Monday, April 26, 2010

Alna, Maine 4/23-4/25

Karin and I visited our friends Thom and Sue in Alna, Maine this past weekend, for good food, drink, a little hiking, birding and mostly good company. Upon arrival, the dinner fixings were ready for the pan, margaritas ready for the blender and the clouds were clearing for some late day sunshine. Fajita ingredients ready to go!
The bird feeders were busy with Chickadees, Titmice, Red-winged Blackbirds, Purple and Goldfinches. In the backyard a pair of Eastern Phoebes were busy nest building, Tree Swallows were sorting out nest box occupancy rights and an American Woodcock was calling after dusk.

A handsome Purple Finch

Eastern Phoebe
Saturday Morning we took a walk to visit a Bald Eagle nest just up the road. Thom and Sue had visited this nest a few days earlier and had seen the adult pair mating near the nest site, it was uncertain as to whether the pair was late in starting nest activities or not. Apparently the "top" bird in the mating ritual, the assumed male, was in the mist of some degree of molt. It had a few new flight feathers that had not grown in yet, making future separation within the pair fairly easy.

On the walk to the eagle's nest we past many dozens of Trout Lilly.
The presumed male was in the air near the nest but did not land, we were about 200 yards away and under cover, only a few feet from the road and a nearby house. Eventually some movement was detected and small eaglet lifted its head for just a moment. Shortly we after we left, planning a a return later in the day.
The eagle's nest is in the right hand large White Pine Tree in the center.
Later in the day, we returned to view the nest and again had a nice look at the eaglet, but the adults were not in sight. We had seen the male (in partial molt) a few times from Thom and Sue's and also had seen a number of other adults with "clean" plumage.

A digi-scope shot of the eaglet taken through the scope set at 32.5X, plus ~2x on the camera zoom and some cropping on the computer. We only saw one eaglet in the nest, the "object" behind the eaglet was its wing.
Shortly after arrival the male flew overhead and eventually settled on the nest, but without food.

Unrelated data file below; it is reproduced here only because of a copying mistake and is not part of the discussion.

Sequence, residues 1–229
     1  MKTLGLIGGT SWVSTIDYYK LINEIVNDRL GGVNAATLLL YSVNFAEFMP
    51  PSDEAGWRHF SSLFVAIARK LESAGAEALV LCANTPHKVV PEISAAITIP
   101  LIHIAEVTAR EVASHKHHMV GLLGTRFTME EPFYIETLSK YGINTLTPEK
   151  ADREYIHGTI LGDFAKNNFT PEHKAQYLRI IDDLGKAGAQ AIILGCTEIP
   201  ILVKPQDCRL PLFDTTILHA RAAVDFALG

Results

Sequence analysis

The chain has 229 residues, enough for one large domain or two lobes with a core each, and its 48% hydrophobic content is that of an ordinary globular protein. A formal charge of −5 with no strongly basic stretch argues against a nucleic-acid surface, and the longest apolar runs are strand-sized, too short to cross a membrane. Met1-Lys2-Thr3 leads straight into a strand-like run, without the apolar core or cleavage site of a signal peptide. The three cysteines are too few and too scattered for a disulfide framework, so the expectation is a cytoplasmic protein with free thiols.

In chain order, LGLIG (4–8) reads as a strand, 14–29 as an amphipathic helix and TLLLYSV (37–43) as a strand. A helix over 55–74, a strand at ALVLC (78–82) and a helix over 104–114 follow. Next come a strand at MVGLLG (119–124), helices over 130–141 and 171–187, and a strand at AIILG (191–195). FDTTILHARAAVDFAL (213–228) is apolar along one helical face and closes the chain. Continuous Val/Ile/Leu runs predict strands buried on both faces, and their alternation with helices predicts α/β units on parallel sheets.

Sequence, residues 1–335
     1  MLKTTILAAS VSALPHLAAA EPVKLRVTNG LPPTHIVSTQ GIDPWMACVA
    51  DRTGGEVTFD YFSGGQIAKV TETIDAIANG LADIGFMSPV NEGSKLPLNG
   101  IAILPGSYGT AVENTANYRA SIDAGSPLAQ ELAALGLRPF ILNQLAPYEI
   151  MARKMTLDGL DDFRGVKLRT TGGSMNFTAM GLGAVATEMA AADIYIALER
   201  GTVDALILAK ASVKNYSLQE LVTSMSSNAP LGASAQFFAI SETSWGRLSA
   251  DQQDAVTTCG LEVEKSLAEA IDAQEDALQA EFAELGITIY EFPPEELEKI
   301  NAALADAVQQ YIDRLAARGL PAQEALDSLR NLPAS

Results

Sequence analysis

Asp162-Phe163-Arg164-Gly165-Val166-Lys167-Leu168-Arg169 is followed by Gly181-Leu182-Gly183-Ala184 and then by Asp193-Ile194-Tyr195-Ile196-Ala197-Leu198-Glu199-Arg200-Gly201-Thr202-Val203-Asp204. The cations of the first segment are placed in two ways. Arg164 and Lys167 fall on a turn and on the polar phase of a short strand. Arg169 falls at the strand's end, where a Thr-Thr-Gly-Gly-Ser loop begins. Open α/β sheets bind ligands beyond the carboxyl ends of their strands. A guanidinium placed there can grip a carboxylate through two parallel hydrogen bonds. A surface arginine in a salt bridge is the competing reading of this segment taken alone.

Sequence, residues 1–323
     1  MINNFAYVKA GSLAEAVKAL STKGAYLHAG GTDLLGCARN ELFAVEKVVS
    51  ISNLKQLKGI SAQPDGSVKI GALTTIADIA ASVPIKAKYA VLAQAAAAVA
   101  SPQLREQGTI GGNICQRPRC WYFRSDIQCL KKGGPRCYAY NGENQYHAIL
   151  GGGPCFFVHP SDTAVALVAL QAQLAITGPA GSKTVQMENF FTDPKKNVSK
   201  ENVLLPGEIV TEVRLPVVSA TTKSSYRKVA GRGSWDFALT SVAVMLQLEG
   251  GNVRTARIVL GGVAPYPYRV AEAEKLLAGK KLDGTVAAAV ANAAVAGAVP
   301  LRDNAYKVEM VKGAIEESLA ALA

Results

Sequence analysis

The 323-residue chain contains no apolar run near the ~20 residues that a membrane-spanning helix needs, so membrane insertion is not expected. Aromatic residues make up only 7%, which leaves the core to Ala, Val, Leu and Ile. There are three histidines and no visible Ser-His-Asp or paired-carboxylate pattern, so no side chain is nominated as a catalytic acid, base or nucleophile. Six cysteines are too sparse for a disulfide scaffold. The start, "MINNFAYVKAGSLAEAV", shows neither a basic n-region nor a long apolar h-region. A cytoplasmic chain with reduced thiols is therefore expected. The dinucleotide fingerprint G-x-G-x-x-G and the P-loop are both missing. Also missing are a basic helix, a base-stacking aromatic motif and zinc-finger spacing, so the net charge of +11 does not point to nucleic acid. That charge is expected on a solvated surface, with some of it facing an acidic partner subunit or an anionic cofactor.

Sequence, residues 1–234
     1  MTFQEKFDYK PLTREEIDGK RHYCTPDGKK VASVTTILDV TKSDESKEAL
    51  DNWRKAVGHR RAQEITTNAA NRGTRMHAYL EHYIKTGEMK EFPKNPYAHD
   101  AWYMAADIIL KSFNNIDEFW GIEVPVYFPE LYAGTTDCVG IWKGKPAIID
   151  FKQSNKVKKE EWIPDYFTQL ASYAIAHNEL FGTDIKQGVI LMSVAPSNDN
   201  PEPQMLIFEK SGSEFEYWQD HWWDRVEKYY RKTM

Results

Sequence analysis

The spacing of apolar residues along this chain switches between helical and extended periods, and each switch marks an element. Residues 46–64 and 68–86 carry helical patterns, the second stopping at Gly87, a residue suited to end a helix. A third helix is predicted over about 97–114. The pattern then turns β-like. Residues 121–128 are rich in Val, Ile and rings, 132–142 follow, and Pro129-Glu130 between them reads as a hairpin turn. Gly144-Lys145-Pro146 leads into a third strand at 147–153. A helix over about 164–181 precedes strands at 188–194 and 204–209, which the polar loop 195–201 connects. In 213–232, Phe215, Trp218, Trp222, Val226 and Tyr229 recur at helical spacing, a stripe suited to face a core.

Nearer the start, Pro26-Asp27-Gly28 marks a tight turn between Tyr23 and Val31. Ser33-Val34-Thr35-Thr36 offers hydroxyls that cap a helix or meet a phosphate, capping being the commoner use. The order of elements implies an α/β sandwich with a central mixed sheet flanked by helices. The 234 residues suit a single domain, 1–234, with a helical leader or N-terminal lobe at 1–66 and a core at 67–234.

The adult arriving to the nest area.

The empty taloned adult about to land near what must have been a very disappointed youngster.

While the eaglet looked on, the adult seemed entirely indifferent to the young eagle, perhaps both were hoping "mom" had a better day fishing.
Sunday, we had a great hike through the mixed forest visiting a different section of the Sheepscott River and birded a bit as we walked the forest. Yellow-bellied Sapsucker, Hermit Thrush, Blue-headed Vireo along with Pine and Yellow-rumped Warblers were all heard singing. After visiting a small, but very picturesque waterfall, I heard a Winter Wren calling along the steam.

Tree Swallow surveys the area from "its" nest box

Tree Swallows having an animated "discussion"
We kept a close eye on the nearby Kestrel box Thom had setup a some years back, recently a pair had been showing interest in it. Last year, the pair had failed, however the previous year they had raised 3 young. Last year's heavy June rains likely affected their success, but hopefully they will fair better this year.

A distance digi-bin shot of the male American Kestrel perched a few hundred feet from the nest box.
One last mental image from Sunday afternoon was watching an Osprey fly overhead with a fish (a herring) in its talons. A young Bald Eagle, a good distance from the Osprey, spotted the "OS" and caught up. It harassed the "OS" repeatedly for a few minutes until the "OS" caught a thermal and was able to get better lift than the eagle and rose above it and on to safety.

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